cache for occlusion queries, so they are often calculated by interpolating nearby past requests. The interactive shader has to disable this so later requests aren't calculated from previous requests with old parameter values.
A fairly simple extension of this trick is to use multiple hosts to spread the
rendering load. In fact, with dual CPU hosts, we need to run two copies of PRMan to take advantage of both processors - as it will not be able to parallelise our single lens primitive.
As with any interactive application running over a network, you quickly get into
limitations such as bandwidth and latency. Ignoring those details, each host behaves just like the single host in that it loads the complete scene and listens for trace requests.
It is then up to the viewer to hand out the buckets that need to be rendered to
the list of hosts that are waiting. This movie shows the view controlling four hosts, with the thick squares showing buckets in progress, coloured by host.
Once this was working I wanted to see how far the system could be pushed. I
managed to get access to 140 CPUs on a renderfarm, and I tried connecting them all to a single viewer. At this scale network congestion issues dropped the performance way below linear scaling, but it still performed well.
The tank movie shows the speed of refining out the noise. The dragon was the
largest polygonal model (870K faces) that would fit into each 2GB host (twice - once per process) without swapping.
The volumetric lighting scene was quickly assembled to stress test the setup. The
shader is really far from optimal, but it is still possible to interact with it.
There are some problems with derivatives. They centre around the fact that at the
top level, the geometry we are shading is a single point and so has no derivatives. There were some hints that certain gather calls could trace a ray with derivatives even from a point, but there were odd noise issues.
I ended up having to change the lens geometry from the point to a grid, so that
the derivatives on the grid would flow through to the rays traced from it. This complicates the shader and DSO details as they have to keep track of all the rays on the grid. The following movie shows the calculatenormal call working on the killeroo.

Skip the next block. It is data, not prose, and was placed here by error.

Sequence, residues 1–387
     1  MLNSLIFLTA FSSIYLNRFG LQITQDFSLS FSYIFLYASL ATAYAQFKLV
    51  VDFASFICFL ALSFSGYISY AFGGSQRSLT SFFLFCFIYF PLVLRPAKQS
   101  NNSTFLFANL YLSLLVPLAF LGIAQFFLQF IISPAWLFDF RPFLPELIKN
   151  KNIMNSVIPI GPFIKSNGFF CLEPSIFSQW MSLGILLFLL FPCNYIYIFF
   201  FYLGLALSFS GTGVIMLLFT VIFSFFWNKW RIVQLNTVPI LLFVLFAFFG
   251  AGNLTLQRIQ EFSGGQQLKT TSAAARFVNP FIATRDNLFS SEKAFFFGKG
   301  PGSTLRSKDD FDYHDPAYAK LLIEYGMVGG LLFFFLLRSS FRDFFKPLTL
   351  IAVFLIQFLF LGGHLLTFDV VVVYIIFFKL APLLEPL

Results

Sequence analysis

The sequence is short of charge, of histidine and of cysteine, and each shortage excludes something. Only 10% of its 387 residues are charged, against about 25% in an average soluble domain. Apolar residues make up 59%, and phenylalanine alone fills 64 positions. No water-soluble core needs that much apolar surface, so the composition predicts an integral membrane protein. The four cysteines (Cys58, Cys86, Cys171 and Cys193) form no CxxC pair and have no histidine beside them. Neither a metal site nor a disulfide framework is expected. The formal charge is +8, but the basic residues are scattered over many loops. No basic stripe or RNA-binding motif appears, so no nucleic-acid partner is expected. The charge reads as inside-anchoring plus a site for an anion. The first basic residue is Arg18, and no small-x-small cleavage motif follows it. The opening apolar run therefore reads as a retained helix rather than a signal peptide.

There was also a problem that this technique only seemed to work with PRMan 12.0.
Clearly there are some issues I need to discuss with Pixar support, and I'll udpate this once I work out where the problems are.
There are several significant limitations of this trick. The main one is that we
are raytracing everything and so the whole scene must be in memory. I found I could get almost a million polygon model into a 1GB machine before it started swapping. All the techniques PRMan uses for caching and discarding tesselated geometry will get confused because the viewer keeps firing rays in fairly arbitrary directions. It might be possible to bias the bucket selection method towards buckets that are near the last one, but I expect the performance will still be non-interactive once the scene doesn't exist entirely in memory.
Also, by the time we are in control, all geometry has been tesselated and
displaced, so there is no way to interact with geometry placement or displacements. In theory you could restart a new frame without the user noticing, but it would still take a noticable amount of time to re-tesselate the scene.
There's no reason that instead of a single variable lookup in a material, you
couldn't lookup from a texture stored in shared memory. This would allow you to be painting a texture in one application, and have PRMan update just the changed pixels in a fully shaded view. I will look into this soon and will update this page with the results.
Also, in all these demos, I'm being really conservative by refreshing the whole
display whenever anything changes. It would be a simple extension to update, for example, only the parts affected by a changing light and leave all the unaffected parts at high resolution.
It would also be possible to apply progressive refinement in a rendermapping (or
other non-camera) system, by sending a complete (origin, direction) pair per ray from the viewer.
In the multiple hosts case, it would be interesting to let the viewer evaluate
the relative speeds and latencies of the hosts it has access to. It could send several identical bucket requests out and measure all the response times.
Finally the GPU spends most of its time idle. It could handle tone mapping,
displaying glows around hot pixels, or many other useful image processing functions. It could also do lots of things with arbitrary outputs if they were sent back from the viewer too.